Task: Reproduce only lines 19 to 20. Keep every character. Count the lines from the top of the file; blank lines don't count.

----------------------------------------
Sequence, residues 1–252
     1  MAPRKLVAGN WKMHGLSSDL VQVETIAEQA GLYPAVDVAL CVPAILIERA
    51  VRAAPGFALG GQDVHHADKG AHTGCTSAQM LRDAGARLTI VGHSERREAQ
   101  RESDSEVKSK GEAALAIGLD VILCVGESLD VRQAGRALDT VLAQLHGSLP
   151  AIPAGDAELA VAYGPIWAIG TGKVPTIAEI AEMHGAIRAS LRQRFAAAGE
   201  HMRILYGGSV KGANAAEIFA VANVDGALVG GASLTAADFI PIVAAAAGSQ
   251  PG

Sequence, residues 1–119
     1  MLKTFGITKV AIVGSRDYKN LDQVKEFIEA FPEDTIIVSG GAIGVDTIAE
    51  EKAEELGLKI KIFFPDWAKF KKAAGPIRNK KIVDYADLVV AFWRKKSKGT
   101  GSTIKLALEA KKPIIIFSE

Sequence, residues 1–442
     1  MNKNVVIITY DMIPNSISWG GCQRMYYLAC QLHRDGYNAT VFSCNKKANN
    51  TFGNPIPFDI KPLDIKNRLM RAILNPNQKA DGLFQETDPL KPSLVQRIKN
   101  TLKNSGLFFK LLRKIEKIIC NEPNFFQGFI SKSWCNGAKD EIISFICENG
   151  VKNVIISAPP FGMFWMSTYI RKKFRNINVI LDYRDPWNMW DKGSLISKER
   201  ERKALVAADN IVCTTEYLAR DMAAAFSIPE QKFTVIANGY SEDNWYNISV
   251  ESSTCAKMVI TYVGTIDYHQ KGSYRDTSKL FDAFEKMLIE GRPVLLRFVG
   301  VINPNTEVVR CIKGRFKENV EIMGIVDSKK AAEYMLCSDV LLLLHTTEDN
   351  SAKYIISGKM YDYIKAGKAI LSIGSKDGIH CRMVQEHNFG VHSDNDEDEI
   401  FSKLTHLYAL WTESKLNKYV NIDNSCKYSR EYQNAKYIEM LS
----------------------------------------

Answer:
   301  VINPNTEVVR CIKGRFKENV EIMGIVDSKK AAEYMLCSDV LLLLHTTEDN
   351  SAKYIISGKM YDYIKAGKAI LSIGSKDGIH CRMVQEHNFG VHSDNDEDEI